Who Will Fund the Census of Marine Life?

logox3.gifTen years ago Fred Grassle, a marine biologist with deep-sea tendencies, and Jesse Ausubel, program director for Alfred P. Sloan Foundation, started conversing on an initiative to document the biodiversity of the oceans. That program, the Census of Marine Life, started in 2000 with the goal “to advance a major new international observational program to be completed by 2010 to assess and explain the diversity, distribution, and abundance of marine life.” That program lead to the support of several field projects and expeditions (currently over 15), the Ocean Biogeographic Information System (OBIS), several initiatives focused on specific environments (abyssal plains, vents, seeps, seamounts, corals, continental margins, etc.), conferences, taxonomic workshops, and much more. Publications from CoML just from 2005-2008 number over 500.

The project is to be completed by 2010 or at least that is when the Sloan Foundation will discontinue its funding of the project. The Sloan Foundation should not be viewed poorly for this. In 2006, the foundation funded over 11.5 million dollars for CoML projects. Assuming for other years they gave a comparable amount, their total contribution would be well over 100 million dollars.

The question on everyone’s mind as 2010 rapidly approaches is “Who will fund CoML next?” Given the success of CoML so far, although improvements could be made, the loss of such a program is a travesty. Indeed both formal and informal discussions at recent conferences and workshops have addressed such an issue. The word on the street is that currently there is no interest of a government agency to continue CoML. And why would they? With most government agencies (NSF, NOAA, etc) already in experiencing budget limits. Bush proposed a 13.6% budget increase, to $6.85 billion for NSF, however most of this appears to be dedicated to funding education, math and physical sciences, engineering, and computer sciences. Even the Ocean Observatories Initiative at $331 million is at least temporarily off the table.

NSF Director Arden Bement says that his decision last year to hold firm to a no-cost-overruns policy led to bumping OOI from the queue of projects in NSF’s major research facilities account until OOI leaders had nailed down all aspects of the project. Bohlen notes that a delay will likely mean a higher overall cost for the project, an argument that Bement accepts. “I’d be lying if I said anything else,” Bement told Science. “But it’s a balancing act; we also need to follow our rules.”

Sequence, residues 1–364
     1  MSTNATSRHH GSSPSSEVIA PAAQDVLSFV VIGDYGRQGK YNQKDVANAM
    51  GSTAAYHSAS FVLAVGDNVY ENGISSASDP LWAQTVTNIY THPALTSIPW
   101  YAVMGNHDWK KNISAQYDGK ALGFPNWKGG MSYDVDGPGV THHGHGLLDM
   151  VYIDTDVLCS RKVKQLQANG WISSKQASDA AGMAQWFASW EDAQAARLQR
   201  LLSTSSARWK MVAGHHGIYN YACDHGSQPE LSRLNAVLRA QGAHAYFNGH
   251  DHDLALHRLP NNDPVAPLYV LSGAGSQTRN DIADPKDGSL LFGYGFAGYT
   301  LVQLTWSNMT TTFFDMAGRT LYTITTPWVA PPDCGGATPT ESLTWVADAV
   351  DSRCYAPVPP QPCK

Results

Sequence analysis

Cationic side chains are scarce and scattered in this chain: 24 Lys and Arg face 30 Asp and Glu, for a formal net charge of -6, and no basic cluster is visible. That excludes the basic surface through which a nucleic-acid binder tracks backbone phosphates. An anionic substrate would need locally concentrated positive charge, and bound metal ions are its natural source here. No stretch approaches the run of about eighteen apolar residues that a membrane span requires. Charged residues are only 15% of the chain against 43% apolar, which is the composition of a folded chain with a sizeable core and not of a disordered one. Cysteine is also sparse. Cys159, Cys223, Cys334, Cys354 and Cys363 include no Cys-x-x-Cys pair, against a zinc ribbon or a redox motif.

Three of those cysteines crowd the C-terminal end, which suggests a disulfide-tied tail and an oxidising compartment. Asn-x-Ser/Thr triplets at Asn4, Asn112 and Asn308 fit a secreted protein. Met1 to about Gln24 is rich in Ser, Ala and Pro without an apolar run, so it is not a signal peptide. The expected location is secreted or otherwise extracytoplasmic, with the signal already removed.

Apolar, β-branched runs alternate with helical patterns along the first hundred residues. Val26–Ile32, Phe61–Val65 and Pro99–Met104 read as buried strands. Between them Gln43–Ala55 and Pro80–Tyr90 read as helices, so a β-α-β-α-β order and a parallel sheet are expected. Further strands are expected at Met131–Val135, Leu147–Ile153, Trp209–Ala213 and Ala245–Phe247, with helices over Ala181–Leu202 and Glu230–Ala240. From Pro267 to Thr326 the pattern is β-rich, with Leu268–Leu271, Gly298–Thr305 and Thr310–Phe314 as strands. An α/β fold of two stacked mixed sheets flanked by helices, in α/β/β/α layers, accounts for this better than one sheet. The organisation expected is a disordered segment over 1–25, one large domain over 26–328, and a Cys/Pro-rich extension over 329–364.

Your thoughts?

Dr. M (1800 Posts)

Craig McClain is the Executive Director of the Lousiana University Marine Consortium. He has conducted deep-sea research for 20 years and published over 50 papers in the area. He has participated in and led dozens of oceanographic expeditions taken him to the Antarctic and the most remote regions of the Pacific and Atlantic. Craig’s research focuses on how energy drives the biology of marine invertebrates from individuals to ecosystems, specifically, seeking to uncover how organisms are adapted to different levels of carbon availability, i.e. food, and how this determines the kinds and number of species in different parts of the oceans. Additionally, Craig is obsessed with the size of things. Sometimes this translated into actually scientific research. Craig’s research has been featured on National Public Radio, Discovery Channel, Fox News, National Geographic and ABC News. In addition to his scientific research, Craig also advocates the need for scientists to connect with the public and is the founder and chief editor of the acclaimed Deep-Sea News (http://deepseanews.com/), a popular ocean-themed blog that has won numerous awards. His writing has been featured in Cosmos, Science Illustrated, American Scientist, Wired, Mental Floss, and the Open Lab: The Best Science Writing on the Web.